Re-Naming Experience: Danielle Sellers on Five Kingdoms by Kelle Groom

Five Kingdoms, Kelle Groom, Anhinga Press, 2010

In her third collection, Five Kingdoms, Kelle Groom’s speaker is writing from the perspective of a woman who has lived intensely, lost intensely, one who has ended up in a place familiar, yet she is unfamiliar to herself. She wants to start over, but knows one can never go back. Instead, perhaps one can begin an alternative path in an abandoned place.

In her attempt to impose order on a chaotic life, she summons the five kingdoms, which refers to the five kingdoms used to categorize every living thing. From this idea she’ll try to name experience, or rather, re-name it. What we soon find is experience is messy and does not like to be neatly ordered, which is perhaps why there are three sections to the book and not five.

The first poem, which acts as a prelude to the book, “Bone Built for Eternity” is based on a Guillermo Kuitca painting. In it, the speaker imagines the fate of the subject, a small skeleton:

A storm drowned her,
and we chinked her out
of rock that grew around,
just her face peeking out from a blanket
of sand, telling us not to worry,
that even if you are buried
for three million years,
your body nearly hidden in stone
we will come looking
for you, and hold your skull in the palm
of a hand, admire your empty
thimble eyes, teeth like tiny kernels
of corn, look inside your ears for balance,
the sea the same, though the moon
was so much closer then to earth—

The speaker goes on to wonder, “What was it/ like to wake up in this place/ before countries?” The question is striking because it seems as though a place without countries would be one of disorder, a country being a way to classify one’s self and others, but a country is also one of restriction. Countries keep their inhabitants in, others out. The question could also be, what was it like to be utterly free? This is a question the speaker of Five Kingdoms will ask again and again in not so many words.

From what, one might ask, does she want to run, to what does she want to return? Death of a son, for one, the loss of friends, a sense of failure, the anger and confusion of war, of not knowing what the plan is for herself. The speaker in these poems lacks self-pity. Instead, she wants to believe in reincarnation, in the idea that if a road is not taken in this life, she’ll get the chance in another. That the loved lost to her are not lost forever.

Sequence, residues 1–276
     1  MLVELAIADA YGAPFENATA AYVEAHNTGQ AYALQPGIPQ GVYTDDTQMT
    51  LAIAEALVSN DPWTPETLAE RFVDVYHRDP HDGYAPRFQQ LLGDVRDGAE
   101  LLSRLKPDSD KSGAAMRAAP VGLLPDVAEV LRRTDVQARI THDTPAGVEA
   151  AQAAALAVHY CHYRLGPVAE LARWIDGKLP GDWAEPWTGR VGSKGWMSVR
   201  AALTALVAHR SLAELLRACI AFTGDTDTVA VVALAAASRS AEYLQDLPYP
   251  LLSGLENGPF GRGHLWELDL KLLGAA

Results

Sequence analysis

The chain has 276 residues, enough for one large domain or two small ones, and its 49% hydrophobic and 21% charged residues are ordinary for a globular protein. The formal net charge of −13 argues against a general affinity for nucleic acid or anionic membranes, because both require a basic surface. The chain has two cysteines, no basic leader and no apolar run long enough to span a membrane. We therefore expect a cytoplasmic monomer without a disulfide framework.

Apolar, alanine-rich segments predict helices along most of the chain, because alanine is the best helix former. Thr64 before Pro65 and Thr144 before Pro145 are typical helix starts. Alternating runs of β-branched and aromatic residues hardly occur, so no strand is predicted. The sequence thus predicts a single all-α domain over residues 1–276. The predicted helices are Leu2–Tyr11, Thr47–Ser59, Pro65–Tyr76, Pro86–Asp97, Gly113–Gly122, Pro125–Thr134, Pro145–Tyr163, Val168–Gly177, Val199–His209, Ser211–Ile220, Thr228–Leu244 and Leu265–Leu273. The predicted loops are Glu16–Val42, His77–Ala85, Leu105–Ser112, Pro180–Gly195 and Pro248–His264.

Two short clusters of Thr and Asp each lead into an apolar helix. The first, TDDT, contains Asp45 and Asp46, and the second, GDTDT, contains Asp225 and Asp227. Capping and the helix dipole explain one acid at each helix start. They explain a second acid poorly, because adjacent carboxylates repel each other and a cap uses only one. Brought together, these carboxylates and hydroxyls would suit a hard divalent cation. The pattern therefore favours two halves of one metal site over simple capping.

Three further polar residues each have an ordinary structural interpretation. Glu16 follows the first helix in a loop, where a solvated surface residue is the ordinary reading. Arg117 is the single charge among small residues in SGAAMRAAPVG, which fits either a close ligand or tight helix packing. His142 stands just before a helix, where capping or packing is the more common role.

In the poem “This Life,” the speaker’s van driver discusses his previous existence, remembering it very clearly. She tells him of her wish to regress, but he says that’s only for people who have problems in their current lives, which causes the speaker to daydream. She says:

…But I do have a problem—

the fear that I will make the wrong
decision, and someone will die, suffer.

Though that was born in this life
when I gave away my son to good

parents, people I loved, and he died.
Maybe his time between lives

will be short too, maybe he’s
already here.

And in “Songs From Far Away,” the speaker imagines the reunion with her son:

In my life. It was as if the force field
That separates the living from the dead,

Lifted long enough for me to hear
His voice, so that I could know he loved me…

And later, the dead swing from trees:

Smiling, saying live, live, live & on this side
We hear birds from far away.

Poetry should come out of experience, and the subjects of Groom’s poems are the stuff of experience. The boiled-down, condensed essence. It’s like that commercial for fiber pills, one minute you have a plethora of vegetables in the palm of a hand, the palm closes, opens, and the vegetables have been squeezed into two hard-powder tabs of fiber. The poems in Five Kingdoms are sustenance for the malnourished reader. They are sustained by a hard-wrought life lived, by a speaker who’s “walked on boards broken by the hurricane/ into a shack with the windows blown out,/ slept in the limbs of the house.” The voice Groom renders is at times resigned, angry, nostalgic, but always luminous, and in that, there’s much to admire.


Danielle Sellers is originally from Key West, FL. She has an MA from The Writing Seminars at Johns Hopkins University and an MFA from the University of Mississippi where she held the Grisham Poetry Fellowship. Her poems have appeared in River Styx, Subtropics, Smartish Pace, The Cimarron Review, Poet Lore, Cold Mountain Review, and elsewhere. Her first book, Bone Key Elegies, was published in 2009 by Main Street Rag. She’s editor of The Country Dog Review and teaches at the University of Mississippi. She lives in Oxford, Mississippi with her daughter Olivia.